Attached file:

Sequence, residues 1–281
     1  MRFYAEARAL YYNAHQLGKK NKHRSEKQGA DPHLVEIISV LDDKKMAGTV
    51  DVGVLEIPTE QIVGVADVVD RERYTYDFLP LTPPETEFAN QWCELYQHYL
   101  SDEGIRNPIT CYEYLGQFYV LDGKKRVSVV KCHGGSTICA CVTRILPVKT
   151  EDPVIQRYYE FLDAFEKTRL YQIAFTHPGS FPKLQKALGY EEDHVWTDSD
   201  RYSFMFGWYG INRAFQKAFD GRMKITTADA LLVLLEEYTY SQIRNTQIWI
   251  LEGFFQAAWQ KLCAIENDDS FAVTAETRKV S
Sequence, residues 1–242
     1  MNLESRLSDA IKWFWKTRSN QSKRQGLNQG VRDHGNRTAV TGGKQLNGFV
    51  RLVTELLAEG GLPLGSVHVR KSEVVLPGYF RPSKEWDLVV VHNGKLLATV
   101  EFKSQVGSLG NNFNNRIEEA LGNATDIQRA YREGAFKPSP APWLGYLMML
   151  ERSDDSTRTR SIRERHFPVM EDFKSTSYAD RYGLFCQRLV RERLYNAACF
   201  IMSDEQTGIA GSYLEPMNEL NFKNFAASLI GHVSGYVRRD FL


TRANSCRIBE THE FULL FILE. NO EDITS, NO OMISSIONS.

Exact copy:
Sequence, residues 1–281
     1  MRFYAEARAL YYNAHQLGKK NKHRSEKQGA DPHLVEIISV LDDKKMAGTV
    51  DVGVLEIPTE QIVGVADVVD RERYTYDFLP LTPPETEFAN QWCELYQHYL
   101  SDEGIRNPIT CYEYLGQFYV LDGKKRVSVV KCHGGSTICA CVTRILPVKT
   151  EDPVIQRYYE FLDAFEKTRL YQIAFTHPGS FPKLQKALGY EEDHVWTDSD
   201  RYSFMFGWYG INRAFQKAFD GRMKITTADA LLVLLEEYTY SQIRNTQIWI
   251  LEGFFQAAWQ KLCAIENDDS FAVTAETRKV S
Sequence, residues 1–242
     1  MNLESRLSDA IKWFWKTRSN QSKRQGLNQG VRDHGNRTAV TGGKQLNGFV
    51  RLVTELLAEG GLPLGSVHVR KSEVVLPGYF RPSKEWDLVV VHNGKLLATV
   101  EFKSQVGSLG NNFNNRIEEA LGNATDIQRA YREGAFKPSP APWLGYLMML
   151  ERSDDSTRTR SIRERHFPVM EDFKSTSYAD RYGLFCQRLV RERLYNAACF
   201  IMSDEQTGIA GSYLEPMNEL NFKNFAASLI GHVSGYVRRD FL